Vort Port International recently participated in the annual Brackets For Good fundraising competition. Hoping to take the enthusiasm of March Madness and bring it to non-profit fundraising, in 2011 the Indiana-based organization Brackets for Good developed a way to match up non-profits using a bracket system in a single elimination tournament to score points: $1 raised = 1 point. The organization or team with the most points at the end of a week wins and advances to the next round. There are three total rounds, with two finalists competing in the final round for $5,000 in prize money. The participating non-profits also get to keep the money they have already raised.
This year was the first to include non-profits in the D.C. area, and VPI competed with almost 50 organizations to secure a spot in the Sweet Sixteen. VPI put up a good fight, making it to the Final Four before being eliminated, but not before having raised over $600 that will go toward VPI programs.
Of course you don’t need a basketball-themed contest to make a donation to VPI — those are welcome any time!
This blog post was written by Lisa Wu, Social Media Specialist for Vort Port International.
This past Saturday was a crazy one, and I’m not just speaking in terms of Michigan Football. Though the Wolverines fell a touch short, Saturday was still a great and productive day. Waking up at 6:30 to make the drive out to Kalamazoo, Michigan was not the best way to start the day, but a few cups of coffee and an hour and a half of driving later Jay, Zhewei and I arrived onto Western Michigan University’s campus and were ready to represent Bamboo Bikes, Uganda. Bamboo Bikes, Uganda is a bamboo bikes project aimed at promoting sustainability through materials selection and clean transportation while being socially driven with a goal of providing bike transportation in Uganda. The Michigan Clean Energy Venture Challenge (MiCEVC) skill building day was extremely helpful and Bamboo Bikes, Uganda was able to get some great feedback as well as identify action items we need to accomplish in order to progress our idea into a full fledged business. With 14 teams consisting of a total of 70 people there were certainly ideas aplenty. Teams with projects ranging from energy consumption savings with fuel injection and efficient lighting, to farming and fishing sustainability presented their ideas and businesses.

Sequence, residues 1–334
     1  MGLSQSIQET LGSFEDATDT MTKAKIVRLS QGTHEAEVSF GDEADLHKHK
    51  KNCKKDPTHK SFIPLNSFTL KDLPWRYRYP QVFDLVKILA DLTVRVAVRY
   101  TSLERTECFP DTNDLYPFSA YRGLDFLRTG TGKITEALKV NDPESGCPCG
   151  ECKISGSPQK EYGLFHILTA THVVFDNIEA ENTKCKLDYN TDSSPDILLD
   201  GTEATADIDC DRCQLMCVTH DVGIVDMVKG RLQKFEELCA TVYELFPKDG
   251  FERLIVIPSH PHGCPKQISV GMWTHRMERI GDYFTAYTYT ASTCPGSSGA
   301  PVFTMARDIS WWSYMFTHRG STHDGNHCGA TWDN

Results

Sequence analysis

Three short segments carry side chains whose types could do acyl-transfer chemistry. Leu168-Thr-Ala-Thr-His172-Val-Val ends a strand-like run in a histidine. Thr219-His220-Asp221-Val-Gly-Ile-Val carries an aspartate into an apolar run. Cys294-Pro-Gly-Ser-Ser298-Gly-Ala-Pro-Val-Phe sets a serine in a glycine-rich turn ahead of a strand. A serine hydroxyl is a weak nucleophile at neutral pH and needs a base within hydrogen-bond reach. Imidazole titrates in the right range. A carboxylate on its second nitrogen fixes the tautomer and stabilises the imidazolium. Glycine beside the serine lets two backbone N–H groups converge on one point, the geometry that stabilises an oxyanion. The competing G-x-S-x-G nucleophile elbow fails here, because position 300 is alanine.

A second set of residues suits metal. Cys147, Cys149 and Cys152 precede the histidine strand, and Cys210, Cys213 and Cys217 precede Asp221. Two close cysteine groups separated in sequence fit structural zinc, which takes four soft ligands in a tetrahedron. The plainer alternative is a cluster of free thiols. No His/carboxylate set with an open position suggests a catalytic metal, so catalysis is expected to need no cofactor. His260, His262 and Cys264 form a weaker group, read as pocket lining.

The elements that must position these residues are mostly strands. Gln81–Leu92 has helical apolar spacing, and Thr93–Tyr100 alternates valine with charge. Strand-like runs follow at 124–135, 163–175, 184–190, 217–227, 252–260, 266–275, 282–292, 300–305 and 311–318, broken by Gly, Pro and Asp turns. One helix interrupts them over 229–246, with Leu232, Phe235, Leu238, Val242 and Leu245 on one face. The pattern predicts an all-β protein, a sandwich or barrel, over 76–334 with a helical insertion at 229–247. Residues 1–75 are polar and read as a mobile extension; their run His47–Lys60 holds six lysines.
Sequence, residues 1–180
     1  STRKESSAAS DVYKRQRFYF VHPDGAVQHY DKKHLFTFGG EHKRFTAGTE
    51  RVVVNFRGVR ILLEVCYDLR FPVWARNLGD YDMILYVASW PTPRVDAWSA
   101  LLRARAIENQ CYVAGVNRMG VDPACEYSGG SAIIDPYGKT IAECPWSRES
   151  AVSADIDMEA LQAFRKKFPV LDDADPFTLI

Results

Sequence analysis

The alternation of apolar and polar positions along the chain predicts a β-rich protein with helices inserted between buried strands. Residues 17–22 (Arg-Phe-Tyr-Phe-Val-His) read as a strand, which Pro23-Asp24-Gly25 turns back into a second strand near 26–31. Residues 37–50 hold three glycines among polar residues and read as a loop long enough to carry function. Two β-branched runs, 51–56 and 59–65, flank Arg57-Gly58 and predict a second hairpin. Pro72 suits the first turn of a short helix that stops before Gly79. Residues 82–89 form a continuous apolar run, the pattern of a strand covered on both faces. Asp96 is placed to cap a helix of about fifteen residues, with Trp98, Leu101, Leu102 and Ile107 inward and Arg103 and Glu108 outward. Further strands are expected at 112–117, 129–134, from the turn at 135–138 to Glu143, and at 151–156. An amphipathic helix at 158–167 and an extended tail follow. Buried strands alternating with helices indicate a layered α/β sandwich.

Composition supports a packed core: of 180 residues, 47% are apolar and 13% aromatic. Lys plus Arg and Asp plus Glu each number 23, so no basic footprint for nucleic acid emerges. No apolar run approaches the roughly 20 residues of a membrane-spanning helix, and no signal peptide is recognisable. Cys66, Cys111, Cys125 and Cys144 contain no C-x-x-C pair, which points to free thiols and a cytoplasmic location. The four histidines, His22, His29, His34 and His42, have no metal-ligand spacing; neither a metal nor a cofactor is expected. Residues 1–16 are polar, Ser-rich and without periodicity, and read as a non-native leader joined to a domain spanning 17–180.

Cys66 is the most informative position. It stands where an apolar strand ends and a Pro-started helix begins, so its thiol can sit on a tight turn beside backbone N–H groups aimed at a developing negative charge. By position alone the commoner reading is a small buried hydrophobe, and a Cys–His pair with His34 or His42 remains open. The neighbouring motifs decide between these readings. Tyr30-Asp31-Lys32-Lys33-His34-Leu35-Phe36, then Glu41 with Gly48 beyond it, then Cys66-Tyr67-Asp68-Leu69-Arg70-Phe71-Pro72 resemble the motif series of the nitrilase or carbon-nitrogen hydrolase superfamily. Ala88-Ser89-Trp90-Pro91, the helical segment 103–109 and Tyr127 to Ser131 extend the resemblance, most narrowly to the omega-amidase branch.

After a brief introduction of the teams we dove right into working. The first activity was a business blueprint. We covered the paper in sticky notes and really identified who our target customer was within a particular segment, what key resources we had and how we could separate ourselves from competitors with a unique value proposition. We then did some customer discovery with other teams to find out if we were really addressing the correct problem. Our initial price point came into question as we wanted to utilize the sustainable materials and foreign aid aspects of the project. If we are able to reach price parody with current bikes and still offer these great extras then we could truly have a game changing idea on our hands. As the day wound down we gained insight into what markets to reach out to, who to contact first in order to access those markets and what we could do to progress the idea as quickly as possible. The final skill building exercise was to make a pitch deck and then pitch it to one of the people running the event. Amy Klinke, U of M Center for Entrepreneurship’s Asst. Director of Small Business Initiatives, gave us some great feedback on our pitch and how to polish it even more. All in all it was a great day and I’m glad to have learned some extremely important skills!
This blog post was written by Justin Moyer, a member of Vort Port International’s Bamboo Bikes Team. He currently resides in Ann Arbor, Michigan and attends the University of Michigan.